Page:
Should all newborns undergo genetic screening for type 1 diabetes risk?
The time to begin screening all newborns for genetic risk is now.
The idea behind screening is to achieve three goals. The immediate goal is reduction of diabetic ketoacidosis. We know that DKA is a very serious issue with a type 1 diabetes diagnosis. Some studies suggest that up to 60% of children with type 1 diabetes present when they are in DKA. This has short-term and long-term effects on glucose control, which has effects on outcomes and complications. There are a lot of reasons why one would want to avoid a diagnosis in DKA. We know from studies like TEDDY, TrialNet and others that, through screening and monitoring, you can reduce the DKA rates dramatically.
The midterm goal would be to find more eligible people to participate in clinical trials at a time when more companies are developing therapeutics aiming to slow progression and one day even prevent type 1 diabetes.
Then there is the long-term goal, which would be to match people with a therapy. This has relevance now with teplizumab (Provention Bio), an immunotherapy drug, which has shown in a clinical trial that it can slow the development of type 1 diabetes and recently received an FDA breakthrough designation. This drug could potentially be on the market in 2 years.
With genetic screening, you eliminate all of the children who are at low risk for developing type 1 diabetes, even though some of those children will still go on to develop the disease. So you “miss” some of those children. No screening model is perfect. I would advocate for a hybrid genetic screening model, where newborns are screened at birth, and then there is a second universal screening around age 4 years. There are challenges with this, in terms of cost and access.
If the goals are to treat as many people as possible and avoid the long-term complications of type 1 diabetes, you want to be able to access as many people as possible, both for the prevention of DKA and ultimately for therapies. Some say that screening is not viable now because you cannot do anything to treat the disease. To those people, I respond that we can reduce incidence of DKA in children. The stronger argument is now we can actually modify disease course, which we have never shown before. There will be challenges with payors and clinicians and issues of getting screenings on to a schedule, but certainly the time is now.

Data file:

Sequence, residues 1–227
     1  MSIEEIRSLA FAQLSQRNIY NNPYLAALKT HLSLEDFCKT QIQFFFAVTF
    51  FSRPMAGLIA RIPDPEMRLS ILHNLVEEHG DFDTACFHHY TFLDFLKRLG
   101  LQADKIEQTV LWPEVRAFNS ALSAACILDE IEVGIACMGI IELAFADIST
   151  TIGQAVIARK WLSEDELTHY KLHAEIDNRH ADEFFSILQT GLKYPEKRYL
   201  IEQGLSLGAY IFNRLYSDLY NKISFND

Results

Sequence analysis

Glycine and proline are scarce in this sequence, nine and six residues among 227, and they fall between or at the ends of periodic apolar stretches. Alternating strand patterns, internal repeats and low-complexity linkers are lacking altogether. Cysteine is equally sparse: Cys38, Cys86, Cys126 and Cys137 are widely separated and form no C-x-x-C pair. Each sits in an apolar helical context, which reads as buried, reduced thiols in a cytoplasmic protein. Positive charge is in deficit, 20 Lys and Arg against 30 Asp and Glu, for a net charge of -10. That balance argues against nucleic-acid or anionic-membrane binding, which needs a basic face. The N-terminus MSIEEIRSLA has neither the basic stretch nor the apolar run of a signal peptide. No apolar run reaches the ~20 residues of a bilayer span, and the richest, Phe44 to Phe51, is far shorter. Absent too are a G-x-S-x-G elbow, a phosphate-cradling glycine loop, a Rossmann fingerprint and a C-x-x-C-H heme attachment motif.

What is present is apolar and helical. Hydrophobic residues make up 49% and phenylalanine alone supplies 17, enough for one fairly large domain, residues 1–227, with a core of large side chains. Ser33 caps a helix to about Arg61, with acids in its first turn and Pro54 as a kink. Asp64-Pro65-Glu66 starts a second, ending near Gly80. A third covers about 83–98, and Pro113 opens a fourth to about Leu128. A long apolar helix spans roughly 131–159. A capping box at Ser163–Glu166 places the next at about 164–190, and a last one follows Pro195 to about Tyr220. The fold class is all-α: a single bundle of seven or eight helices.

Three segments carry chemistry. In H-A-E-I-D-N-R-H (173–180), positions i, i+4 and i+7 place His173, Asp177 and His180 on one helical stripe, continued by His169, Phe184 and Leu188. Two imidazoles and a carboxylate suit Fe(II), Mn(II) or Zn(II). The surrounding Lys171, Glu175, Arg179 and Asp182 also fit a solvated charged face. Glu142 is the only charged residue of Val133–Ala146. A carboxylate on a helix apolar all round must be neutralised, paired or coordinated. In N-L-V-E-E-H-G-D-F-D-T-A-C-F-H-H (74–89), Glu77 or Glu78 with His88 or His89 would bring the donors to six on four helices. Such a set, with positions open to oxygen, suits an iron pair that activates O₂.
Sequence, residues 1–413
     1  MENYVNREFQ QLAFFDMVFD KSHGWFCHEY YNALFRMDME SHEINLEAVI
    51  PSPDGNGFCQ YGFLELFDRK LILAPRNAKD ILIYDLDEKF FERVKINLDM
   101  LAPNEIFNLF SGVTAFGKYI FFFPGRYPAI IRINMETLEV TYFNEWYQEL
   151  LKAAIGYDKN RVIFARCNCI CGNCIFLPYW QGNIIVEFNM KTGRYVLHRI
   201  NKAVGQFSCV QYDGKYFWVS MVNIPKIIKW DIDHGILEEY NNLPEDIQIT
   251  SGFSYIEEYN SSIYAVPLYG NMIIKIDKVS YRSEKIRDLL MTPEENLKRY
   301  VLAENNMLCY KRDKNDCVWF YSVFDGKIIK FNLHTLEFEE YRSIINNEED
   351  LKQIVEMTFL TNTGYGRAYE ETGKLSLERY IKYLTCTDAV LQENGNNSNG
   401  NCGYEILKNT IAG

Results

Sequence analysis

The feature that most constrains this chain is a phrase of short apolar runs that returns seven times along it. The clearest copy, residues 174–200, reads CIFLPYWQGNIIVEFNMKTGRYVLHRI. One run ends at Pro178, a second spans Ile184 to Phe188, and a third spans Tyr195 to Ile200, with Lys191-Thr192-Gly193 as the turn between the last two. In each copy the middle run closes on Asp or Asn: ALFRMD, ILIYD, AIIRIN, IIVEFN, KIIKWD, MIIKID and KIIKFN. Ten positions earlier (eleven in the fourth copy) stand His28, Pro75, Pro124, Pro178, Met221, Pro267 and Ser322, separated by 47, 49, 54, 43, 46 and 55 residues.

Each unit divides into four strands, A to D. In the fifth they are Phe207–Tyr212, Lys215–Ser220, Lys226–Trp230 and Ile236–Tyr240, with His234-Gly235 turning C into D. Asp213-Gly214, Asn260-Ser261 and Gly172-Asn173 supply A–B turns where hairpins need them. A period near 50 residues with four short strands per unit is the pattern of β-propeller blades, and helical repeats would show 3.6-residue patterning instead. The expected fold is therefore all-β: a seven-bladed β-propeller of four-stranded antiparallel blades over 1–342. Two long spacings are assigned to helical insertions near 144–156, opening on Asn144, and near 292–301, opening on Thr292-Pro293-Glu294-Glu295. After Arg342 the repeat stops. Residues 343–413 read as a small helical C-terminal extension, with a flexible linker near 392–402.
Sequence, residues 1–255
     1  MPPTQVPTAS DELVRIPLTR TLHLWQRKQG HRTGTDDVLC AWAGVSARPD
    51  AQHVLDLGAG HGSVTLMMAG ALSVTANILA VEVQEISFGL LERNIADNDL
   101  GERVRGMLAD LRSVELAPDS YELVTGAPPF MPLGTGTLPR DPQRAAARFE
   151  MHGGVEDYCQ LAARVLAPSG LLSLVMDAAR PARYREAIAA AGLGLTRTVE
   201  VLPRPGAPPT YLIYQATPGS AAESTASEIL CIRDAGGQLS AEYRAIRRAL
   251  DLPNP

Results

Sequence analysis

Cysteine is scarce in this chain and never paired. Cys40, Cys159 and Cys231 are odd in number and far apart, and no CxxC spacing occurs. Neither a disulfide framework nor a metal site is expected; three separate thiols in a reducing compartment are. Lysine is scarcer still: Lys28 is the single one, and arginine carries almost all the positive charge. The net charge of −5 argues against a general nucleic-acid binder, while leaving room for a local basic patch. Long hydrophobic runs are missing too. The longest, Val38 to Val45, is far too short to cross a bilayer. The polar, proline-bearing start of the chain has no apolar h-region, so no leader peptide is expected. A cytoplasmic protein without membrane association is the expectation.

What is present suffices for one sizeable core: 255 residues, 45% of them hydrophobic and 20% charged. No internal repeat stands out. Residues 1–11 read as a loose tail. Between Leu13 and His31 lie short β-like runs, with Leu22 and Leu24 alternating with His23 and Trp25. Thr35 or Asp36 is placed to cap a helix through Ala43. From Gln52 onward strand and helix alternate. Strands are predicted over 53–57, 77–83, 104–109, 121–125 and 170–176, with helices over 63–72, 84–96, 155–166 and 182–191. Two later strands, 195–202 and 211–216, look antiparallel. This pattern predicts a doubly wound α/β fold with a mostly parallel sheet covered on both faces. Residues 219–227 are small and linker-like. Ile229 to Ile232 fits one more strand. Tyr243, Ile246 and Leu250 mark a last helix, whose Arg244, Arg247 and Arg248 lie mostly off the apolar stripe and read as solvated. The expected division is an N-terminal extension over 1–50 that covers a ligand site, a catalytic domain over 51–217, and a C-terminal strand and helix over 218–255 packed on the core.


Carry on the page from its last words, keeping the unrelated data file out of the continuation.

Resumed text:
We have a real opportunity here to change the course of a disease that has no cure. Research has demonstrated that we can delay the onset of disease, which we know will have a significant impact on long-term health. We are on the path to long-term prevention and, ultimately, to a cure. We must approach it early with genetic screening.
Jessica Dunne, PhD, is senior director of research at JDRF.
Universal genetic screening of newborns for type 1 diabetes risk should not be done unless there is a treatment.
Genetic screening for type 1 diabetes risk in newborns is controversial for several reasons. Even if an infant has high genetic risk, the chances of going on to develop type 1 diabetes are very low. Second, as of right now, even if we know a person is at increased risk genetically, we have no way to stop disease progression. You are screening for something you cannot do anything about. Third, certainly in the United States, there are concerns that insurance companies could argue that higher genetic risk is a preexisting condition that could be used to potentially deny coverage or increase the cost of coverage. Finally, genetic screening indicating a heightened risk for type 1 diabetes could potentially raise anxiety in families about a child’s risk.
There are good reasons for genetic screenings in a research setting. If we are going to figure out why some children with high genetic risk go on to develop type 1 diabetes while others do not, then we have to find these children. Without screenings, we could not answer that scientific question or test interventions to prevent type 1 diabetes. Scientists are not opposed to screening newborns; we are doing it in the TEDDY study, which I am involved with. Genetic screening should be performed only in the context of a research study, in which children will be properly followed and families of screened children will receive the resources and support they will need.
I am not suggesting screenings should never be performed. From a scientific point of view, that would set us back. In TEDDY, thousands of children were screened in the U.S., Sweden and Finland. We are learning a lot from these children about the environmental factors and other potential “triggers” that could lead to development of type 1 diabetes in this genetically at-risk population.
There are a few diseases in which a person who is screened and discovered to have a certain gene would definitely go on to develop the disease. For most diseases where genetic screening is available, it is not like that. The screening results reflect increased risk, and that concept can be very difficult for people to understand. In TEDDY, we look at this a lot. We have found that families struggle to grasp the concept. This is not unique to diabetes; many studies on genetic testing reflect this.
If you are a parent and type 1 diabetes runs in your family, you may find it comforting to participate in a research study like TEDDY, where newborns are screened and then followed and monitored. Then, if and when a treatment is available, that child is likely to have a chance at participating in a research trial.
Suzanne Bennett Johnson, PhD, is a distinguished research professor at Florida State University College of Medicine and a past president of the American Psychological Association.